Fremd High School Students Host Poverty Awareness Week for School
Two classes at Fremd High School participated in a unique event to create awareness around the global issue of poverty.
“Poverty Awareness Week” was a series of events with the purpose educate students about the poverty that exists around the world and in Fremd’s own community. Students in the World Affairs class and Multicultural Perspectives were the hosts.
“The Hunger Banquet really opened my eyes and made me realize how wide spread and awful poverty really is,” said Morgan Faulkner, a sophomore at Fremd High School “It made me realize that we stereotype people who aren’t as fortunate and it’s horrible. Kids need to become more aware of other’s experiences in order to diminish the problem.”
The week was dedicated to help empower students in fighting poverty as it exists in the world.
The biggest activity for the week was a “Hunger Banquet,” in which participating students were given a meal that is representative of a traditional meal from different countries around the world ranging in various socioeconomic statuses. Small group discussions took place following the meal for participants to debrief their experiences in the simulation.
There were several other events, as well. Tuesday, the classes hosted an event called “What the World Eats,” where photojournalism work displayed what a typical family eats from countries all around the world. The photos were on shown in the cafeteria. Wednesday was the hunger banquet, and Thursday a screening of the documentary “Poor Kids” was shown after school. Donations were collected throughout the week to benefit the Palatine Food Pantry.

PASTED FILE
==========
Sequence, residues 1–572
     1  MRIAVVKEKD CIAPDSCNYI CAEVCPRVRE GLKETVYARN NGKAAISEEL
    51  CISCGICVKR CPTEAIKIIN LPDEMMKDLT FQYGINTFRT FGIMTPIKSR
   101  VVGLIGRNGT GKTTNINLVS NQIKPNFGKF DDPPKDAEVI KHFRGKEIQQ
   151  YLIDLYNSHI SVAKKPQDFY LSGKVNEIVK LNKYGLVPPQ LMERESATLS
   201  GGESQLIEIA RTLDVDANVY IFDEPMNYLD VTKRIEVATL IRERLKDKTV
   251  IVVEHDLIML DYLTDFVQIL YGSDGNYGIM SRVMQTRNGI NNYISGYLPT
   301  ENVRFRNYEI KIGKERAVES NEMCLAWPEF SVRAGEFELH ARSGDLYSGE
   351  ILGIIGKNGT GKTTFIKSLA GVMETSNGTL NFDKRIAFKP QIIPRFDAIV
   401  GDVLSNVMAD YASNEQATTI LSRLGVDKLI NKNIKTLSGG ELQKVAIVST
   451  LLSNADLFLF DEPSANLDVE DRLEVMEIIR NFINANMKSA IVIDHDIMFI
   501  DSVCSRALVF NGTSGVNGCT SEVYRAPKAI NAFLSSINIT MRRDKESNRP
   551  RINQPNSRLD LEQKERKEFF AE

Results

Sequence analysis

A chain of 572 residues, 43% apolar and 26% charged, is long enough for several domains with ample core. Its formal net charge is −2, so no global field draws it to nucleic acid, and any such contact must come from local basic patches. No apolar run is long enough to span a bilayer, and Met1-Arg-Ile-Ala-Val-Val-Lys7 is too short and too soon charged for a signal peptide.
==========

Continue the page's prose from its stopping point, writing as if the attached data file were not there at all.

“Students made connections to hunger and poverty not only around the world and United States, but also in the Palatine area,” said Martin Zacharia, social studies teacher at Fremd High School. “They also began to question simplistic views of the poor as lazy, dangerous, and undeserving, and most importantly, they identified the urgency of addressing hunger now. By sharing a variety of possibilities, both individual and societal, they could help alleviate hunger in our community and beyond.”
Zacharia said the Hunger Banquet, on the surface, was a very simple exercise in illustrating economic inequality. However, the insights that students left with, in which they did not come to the event with, were inspiring. He added that the event reminded himself and Courtney Wilhelm, social studies teacher at Fremd, why they both went into teaching and how important and transformative events like this can be.